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Joe Biden with COVID at age 81: What to know about the risk the virus poses to older adults

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Joe Biden with COVID at age 81: What to know about the risk the virus poses to older adults

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President Joe Biden’s testing positive for COVID-19 this week may spark questions about how the virus affects older adults in America.

Certain populations are at a higher risk of severe illness from COVID — and older adults top that list, according to the U.S. Centers for Disease Control and Prevention (CDC).

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On Wednesday, the White House released an announcement of Biden’s positive COVID test, noting that the president had been vaccinated and boosted and was “experiencing mild symptoms.”

AMID SUMMER COVID SURGE WARNING FROM CDC, SHOULD YOU WORRY? DOCTORS WEIGH IN

His upper respiratory symptoms included “rhinorhea (runny nose) and non-productive cough, with general malaise,” according to a statement on the White House’s website.

Here’s what people should know. 

On Wednesday, the White House released an announcement about President Biden’s positive COVID test, noting that the president had been vaccinated and boosted and was “experiencing mild symptoms.” Biden is 81 years old. (Getty Images)

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COVID prognosis for the elderly

More than 81% of COVID-related deaths affect those age 65 and older, the CDC states on its website — and the number of older people who succumb to the virus is 97 times higher than those who are 18 to 29 years old. 

Dr. Norman B. Gaylis, a Florida physician and COVID expert, agreed that adults over 80 years old comprise the highest-risk group for mortality, as they face “multiple significant risks.”

COVID VACCINE COMPANIES TOLD TO FOCUS ON KP.2 VARIANT FOR FALL SHOTS, PER FDA ANNOUNCEMENT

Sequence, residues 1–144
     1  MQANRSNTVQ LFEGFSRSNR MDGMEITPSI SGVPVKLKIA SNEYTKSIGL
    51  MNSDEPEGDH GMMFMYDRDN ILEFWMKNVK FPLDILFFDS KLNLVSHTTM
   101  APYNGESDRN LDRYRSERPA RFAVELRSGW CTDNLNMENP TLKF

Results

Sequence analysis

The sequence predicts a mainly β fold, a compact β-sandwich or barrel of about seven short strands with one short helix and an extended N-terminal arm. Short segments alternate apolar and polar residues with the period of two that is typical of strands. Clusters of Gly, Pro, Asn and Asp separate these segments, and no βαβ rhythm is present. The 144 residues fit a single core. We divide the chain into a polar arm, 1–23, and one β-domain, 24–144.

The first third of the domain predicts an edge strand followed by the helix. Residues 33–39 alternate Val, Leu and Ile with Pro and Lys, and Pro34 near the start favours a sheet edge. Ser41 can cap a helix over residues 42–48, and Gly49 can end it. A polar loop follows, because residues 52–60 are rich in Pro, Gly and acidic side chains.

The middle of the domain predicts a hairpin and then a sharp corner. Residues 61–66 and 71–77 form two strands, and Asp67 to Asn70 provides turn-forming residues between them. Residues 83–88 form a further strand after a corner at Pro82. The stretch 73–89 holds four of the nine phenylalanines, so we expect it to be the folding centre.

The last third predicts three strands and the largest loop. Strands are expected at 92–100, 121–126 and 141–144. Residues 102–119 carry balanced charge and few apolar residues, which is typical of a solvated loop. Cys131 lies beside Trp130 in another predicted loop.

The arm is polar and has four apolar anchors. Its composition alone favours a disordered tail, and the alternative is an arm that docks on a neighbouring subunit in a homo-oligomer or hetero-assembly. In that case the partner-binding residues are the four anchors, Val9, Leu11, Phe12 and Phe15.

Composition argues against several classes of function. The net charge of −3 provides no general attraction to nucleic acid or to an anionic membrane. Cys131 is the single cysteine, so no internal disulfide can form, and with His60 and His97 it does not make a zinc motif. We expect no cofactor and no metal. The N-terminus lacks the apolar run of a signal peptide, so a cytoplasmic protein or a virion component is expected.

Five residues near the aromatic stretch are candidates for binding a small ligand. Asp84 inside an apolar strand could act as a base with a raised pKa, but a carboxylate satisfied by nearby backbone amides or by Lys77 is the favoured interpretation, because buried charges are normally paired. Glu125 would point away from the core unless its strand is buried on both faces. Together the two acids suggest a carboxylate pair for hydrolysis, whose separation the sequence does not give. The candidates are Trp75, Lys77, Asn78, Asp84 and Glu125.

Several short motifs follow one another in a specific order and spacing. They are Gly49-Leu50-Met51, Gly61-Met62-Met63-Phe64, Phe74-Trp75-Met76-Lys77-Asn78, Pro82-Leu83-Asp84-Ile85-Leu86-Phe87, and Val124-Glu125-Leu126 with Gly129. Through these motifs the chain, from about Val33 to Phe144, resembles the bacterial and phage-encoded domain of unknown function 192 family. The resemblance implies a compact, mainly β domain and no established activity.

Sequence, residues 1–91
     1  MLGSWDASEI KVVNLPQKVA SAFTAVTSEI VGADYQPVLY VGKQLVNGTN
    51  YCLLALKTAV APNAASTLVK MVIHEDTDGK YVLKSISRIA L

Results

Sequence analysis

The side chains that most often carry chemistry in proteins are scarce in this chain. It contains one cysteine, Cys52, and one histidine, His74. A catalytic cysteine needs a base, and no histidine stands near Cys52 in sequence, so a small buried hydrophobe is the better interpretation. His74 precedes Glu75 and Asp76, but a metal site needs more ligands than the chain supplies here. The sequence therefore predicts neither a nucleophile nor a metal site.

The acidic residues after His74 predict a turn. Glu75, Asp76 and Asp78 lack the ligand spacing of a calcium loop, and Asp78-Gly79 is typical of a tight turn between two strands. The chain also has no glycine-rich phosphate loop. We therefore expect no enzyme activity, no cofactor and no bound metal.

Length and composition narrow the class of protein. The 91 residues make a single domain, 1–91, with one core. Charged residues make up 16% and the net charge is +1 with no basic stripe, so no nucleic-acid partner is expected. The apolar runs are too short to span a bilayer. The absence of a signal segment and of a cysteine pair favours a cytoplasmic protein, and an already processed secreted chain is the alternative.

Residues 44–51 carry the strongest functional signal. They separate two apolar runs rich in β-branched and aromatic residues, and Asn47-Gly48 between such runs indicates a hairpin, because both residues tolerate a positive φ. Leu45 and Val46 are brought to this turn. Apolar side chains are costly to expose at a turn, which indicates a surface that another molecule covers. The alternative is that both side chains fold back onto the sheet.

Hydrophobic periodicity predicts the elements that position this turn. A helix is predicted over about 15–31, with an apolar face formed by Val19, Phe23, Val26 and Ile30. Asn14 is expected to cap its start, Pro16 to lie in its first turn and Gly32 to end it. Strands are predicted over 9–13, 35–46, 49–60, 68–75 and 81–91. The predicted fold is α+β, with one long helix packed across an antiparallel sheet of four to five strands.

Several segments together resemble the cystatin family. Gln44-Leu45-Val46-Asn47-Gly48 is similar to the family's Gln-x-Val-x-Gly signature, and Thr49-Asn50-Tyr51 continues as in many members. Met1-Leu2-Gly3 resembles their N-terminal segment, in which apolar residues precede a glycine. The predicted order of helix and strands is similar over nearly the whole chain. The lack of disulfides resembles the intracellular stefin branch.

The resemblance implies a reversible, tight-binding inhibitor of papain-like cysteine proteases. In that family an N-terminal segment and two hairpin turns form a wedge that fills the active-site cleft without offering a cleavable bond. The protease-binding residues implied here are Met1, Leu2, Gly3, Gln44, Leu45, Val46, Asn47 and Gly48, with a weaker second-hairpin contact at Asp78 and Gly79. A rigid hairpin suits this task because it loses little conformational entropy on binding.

“COVID causes debilitating problems for the elderly, especially if there is a pre-existing neurological condition such as Alzheimer’s or Parkinson’s disease,” he told Fox News Digital via email. (He has not examined or treated Biden.)      

A diagnosis of acute COVID can affect the ability of those in this age group to think properly, and often causes a condition known as “brain fog,” he said. 

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“It is a problem, because the elderly are often more susceptible to COVID due to weakened immune systems,” he said.

Best practices after a diagnosis

When someone over age 80 tests positive for the virus, the first course of action is to go into some degree of isolation, Gaylis said.

“It is also important [that people] stay well-hydrated and be cautious not to overexert themselves,” he said. 

Paxlovid medication

Paxlovid, Pfizer’s anti-viral medication to treat COVID-19, is displayed in this picture illustration taken on Oct. 7, 2022. Doctors recommend that older adults seek “proactive treatment.” (REUTERS/Wolfgang Rattay/Illustration)

If symptoms last more than 48 hours, the doctor calls for “proactive treatment.”

Take Paxlovid or approved nutraceuticals with zinc that boost the immune system,” he recommended. 

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If symptoms do not decrease after 36 hours — or if symptoms are severe — the patient should seek medical attention right away.

COVID test

More than 81% of COVID-related deaths affect those age 65 and older, the CDC says on its website — and the number of older people who succumb to the virus is 97 times higher than those who are 18 to 29 years old.  (iStock)

“With those in their 80s, it is crucial to check and make sure major organs are not being affected,” Gaylis said. 

Regarding Biden’s case of COVID, Gaylis said that only the president’s personal physician can speak to his condition and outlook for recovery. 

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“But we should certainly be more concerned about his condition than we would be with someone much younger — and because of his age, we also have to be aware of the risk of long-term health consequences,” he added.

“The elderly are often more susceptible to COVID due to weakened immune systems.”

As of Friday, Biden had completed his fourth dose of Paxlovid and “continues to tolerate treatment well,” according to an updated statement issued from the White House.